What... I Sweat, Since When? - Calculating Your Sweat Rate.

 

And here comes the wind!  If you live in Albuquerque, NM as I do, there is one thing that is always a certainty.  Thewind, the wind always comes in March and April.  If you continue to wait for the perfect day to start your outdoor running and riding, it just isn’t going to happen.  So, you might as well lace up and put those wheels to the ground. For those of you who are racing in the Boulder Ironman 2017 event, the bike route has changed.  I personally like that it is now three loops.  I totally loved the 3 loops that Arizona Ironman has, so it isn’t like 3 loops has never been done.

  

With the weather beginning to warm up a bit, I thought I would share some tips to answer the question, how much fluids do I need to consume during a race? 

 

Yes, you do sweat, even in the winter months, you sweat, you might not recognize the ice cubes you are dropping.  Just kidding. To help you determine how much fluids you should consume, you should start with determining your sweat rate. Oh, and before I go into the details, keep in mind that you should do this calculation over again when conditions change (conditions meaning, your clothes, weather, etc.). 

 

Sweat rate calculations determine how much fluid an athlete should consume during a training session by calculating the amount of fluid that is expelled through sweat during exercise. Sweat rate is specific to the discipline being tested, so athletes should conduct this test for swimming, biking and running. 

 

IN ORDER TO ACCURATELY DETERMINE THE SWEAT RATE OF AN ATHLETE, FOLLOW THESE STEPS: 

 

Athletes should void all urine, then weigh-in wearing little to no clothing, in order to obtain the most accurate reading. 

  1. Following the weigh-in, an athlete should exercise for at least one hour while keeping track of the quantity of water he or she consumes. 

  2. After exercise, the athlete should towel off, and step onto the scale again, making sure to wear exactly what was worn before. 

  3. The athlete’s weight before and after exercise, as well as the amount of fluid that was consumed during the exercise, will be used to determine the athlete’s sweat rate. 

  4. Subtract the post-exercise weight from the pre-exercise weight in pounds or kilograms, and convert the difference to ounces of fluid loss.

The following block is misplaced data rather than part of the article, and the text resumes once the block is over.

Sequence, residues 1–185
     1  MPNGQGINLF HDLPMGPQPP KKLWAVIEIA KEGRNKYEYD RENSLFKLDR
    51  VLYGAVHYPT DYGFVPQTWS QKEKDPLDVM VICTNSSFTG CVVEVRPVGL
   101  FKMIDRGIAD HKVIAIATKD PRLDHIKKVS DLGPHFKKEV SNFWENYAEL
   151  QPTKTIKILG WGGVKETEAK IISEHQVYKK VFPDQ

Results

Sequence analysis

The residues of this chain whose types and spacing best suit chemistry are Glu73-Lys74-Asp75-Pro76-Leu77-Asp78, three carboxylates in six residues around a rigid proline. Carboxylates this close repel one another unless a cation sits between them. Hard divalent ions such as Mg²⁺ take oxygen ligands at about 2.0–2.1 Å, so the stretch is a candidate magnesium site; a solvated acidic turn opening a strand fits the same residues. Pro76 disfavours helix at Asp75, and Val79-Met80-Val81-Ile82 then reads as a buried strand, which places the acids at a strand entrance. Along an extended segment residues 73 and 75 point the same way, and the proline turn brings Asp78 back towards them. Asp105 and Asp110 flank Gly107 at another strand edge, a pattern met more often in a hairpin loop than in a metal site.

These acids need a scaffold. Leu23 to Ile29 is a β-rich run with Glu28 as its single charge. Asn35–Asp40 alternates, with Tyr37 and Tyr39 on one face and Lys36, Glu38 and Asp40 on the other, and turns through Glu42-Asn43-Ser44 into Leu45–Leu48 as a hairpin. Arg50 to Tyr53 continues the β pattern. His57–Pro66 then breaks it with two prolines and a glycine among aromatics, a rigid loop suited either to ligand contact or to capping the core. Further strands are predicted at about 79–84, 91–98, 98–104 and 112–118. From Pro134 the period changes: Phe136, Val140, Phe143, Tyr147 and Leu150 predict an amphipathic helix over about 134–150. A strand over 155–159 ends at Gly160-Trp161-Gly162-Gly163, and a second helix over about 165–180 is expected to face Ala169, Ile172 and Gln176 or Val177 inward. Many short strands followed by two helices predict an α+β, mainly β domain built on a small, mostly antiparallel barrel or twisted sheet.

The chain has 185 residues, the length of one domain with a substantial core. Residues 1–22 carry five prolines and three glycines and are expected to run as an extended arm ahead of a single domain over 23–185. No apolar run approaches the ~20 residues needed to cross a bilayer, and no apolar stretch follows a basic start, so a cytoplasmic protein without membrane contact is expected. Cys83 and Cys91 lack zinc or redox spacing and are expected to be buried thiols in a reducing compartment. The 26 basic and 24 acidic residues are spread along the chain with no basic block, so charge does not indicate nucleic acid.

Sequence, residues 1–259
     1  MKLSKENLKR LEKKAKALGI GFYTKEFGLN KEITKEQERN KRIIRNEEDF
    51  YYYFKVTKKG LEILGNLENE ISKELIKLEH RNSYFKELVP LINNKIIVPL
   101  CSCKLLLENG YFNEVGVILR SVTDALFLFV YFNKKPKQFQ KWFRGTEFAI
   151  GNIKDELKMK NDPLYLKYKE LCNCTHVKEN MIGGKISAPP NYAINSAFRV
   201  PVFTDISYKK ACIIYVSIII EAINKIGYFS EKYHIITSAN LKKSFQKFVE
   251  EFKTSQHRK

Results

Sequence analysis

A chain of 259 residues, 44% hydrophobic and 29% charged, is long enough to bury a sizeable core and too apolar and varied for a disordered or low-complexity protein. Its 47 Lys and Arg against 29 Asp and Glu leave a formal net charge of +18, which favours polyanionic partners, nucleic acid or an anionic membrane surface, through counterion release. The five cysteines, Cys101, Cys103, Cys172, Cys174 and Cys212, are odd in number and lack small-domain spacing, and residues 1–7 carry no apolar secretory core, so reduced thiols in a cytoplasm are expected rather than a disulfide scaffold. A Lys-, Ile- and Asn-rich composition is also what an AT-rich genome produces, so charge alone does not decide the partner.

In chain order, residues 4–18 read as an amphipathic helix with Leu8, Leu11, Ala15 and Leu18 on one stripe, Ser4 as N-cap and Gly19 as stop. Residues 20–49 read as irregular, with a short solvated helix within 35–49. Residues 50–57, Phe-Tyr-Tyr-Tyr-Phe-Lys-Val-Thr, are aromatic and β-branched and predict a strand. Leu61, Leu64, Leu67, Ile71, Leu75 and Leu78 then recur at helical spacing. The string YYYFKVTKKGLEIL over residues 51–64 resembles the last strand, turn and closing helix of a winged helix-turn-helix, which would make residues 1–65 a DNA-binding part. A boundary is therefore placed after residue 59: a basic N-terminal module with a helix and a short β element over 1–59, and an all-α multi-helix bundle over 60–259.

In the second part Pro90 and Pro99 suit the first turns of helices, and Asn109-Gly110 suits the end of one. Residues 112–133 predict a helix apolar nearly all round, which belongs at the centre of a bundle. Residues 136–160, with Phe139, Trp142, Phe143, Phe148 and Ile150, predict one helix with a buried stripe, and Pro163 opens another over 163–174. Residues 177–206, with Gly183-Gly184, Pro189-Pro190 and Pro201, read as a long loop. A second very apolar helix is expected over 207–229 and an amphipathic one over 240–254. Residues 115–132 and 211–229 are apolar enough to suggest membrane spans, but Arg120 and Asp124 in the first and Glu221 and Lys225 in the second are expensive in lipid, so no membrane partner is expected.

5. Then add to that number the amount of milliliters of fluid that were consumed during the exercise. This will determine how much sweat was lost during exercise. 

  6. Divide the sweat loss by the duration of the exercise to determine total fluid loss during exercise.

It is best if no food, or semi-solid fueling products are consumed when checking sweat rate, and that the athlete is hydrated prior to conducting the test. 

 

SWEAT RATE CALCULATOR This works best if converted into kilograms (kg) and milliliters (mL):

 

A. Body Weight pre-exercise ___________________ [lb/2.2&= kg] 

B. Body Weight post exercise ___________________ [lb/2.2&= kg] (A-B) 

C. Change in Body Weight ___________________ grams [kgx1000=g] 

D. Volume of fluid consumed ___________________ mL [ozx30=mL] 

E. Sweat Loss ___________________ mL [ozx30=mL] (C+D) 

F. Exercise time ___________________ [min or hr] 

G. Sweat Rate ___________________ [mL/min or mL/hr] (E/F) 

 

The final number (G) is your sweat rate, or the amount of fluid that you lose through sweat during a specific amount of exercise (usually expressed at liters per hour). This should help you determine the amount of fluid you should be drinking during and after your workouts. 

 

KEY POINTS TO REMEMBER: 

  • Sweat rates generally increase after 10–14 days of heat exposure, so sweat rate should be calculated following heat acclimatization. 

  • Higher sweat rates are generally found in men and those that are highly fit. 

  • Temperature plays a role in sweat rate, so calculations should be done for different environments (winter vs. summer OR hot vs. cold spaces). 

  • When first beginning an exercise routine in heat, your body loses more sodium through sweating, so slightly increase the amount of sodium in your diet until you’ve become adapted (after 10–14 days). 

That is it, that is all there is to it.  Keep in mind, that when you hydrate, you should not just drink water, especially if you are training/racing endurance events.  Electrolytes must be replenished!  Happy training, racing season has already begun, hope to see you out there.  

 

Richard Nevarez

Ironman Certified Coach

FE26TriCoach, LLC

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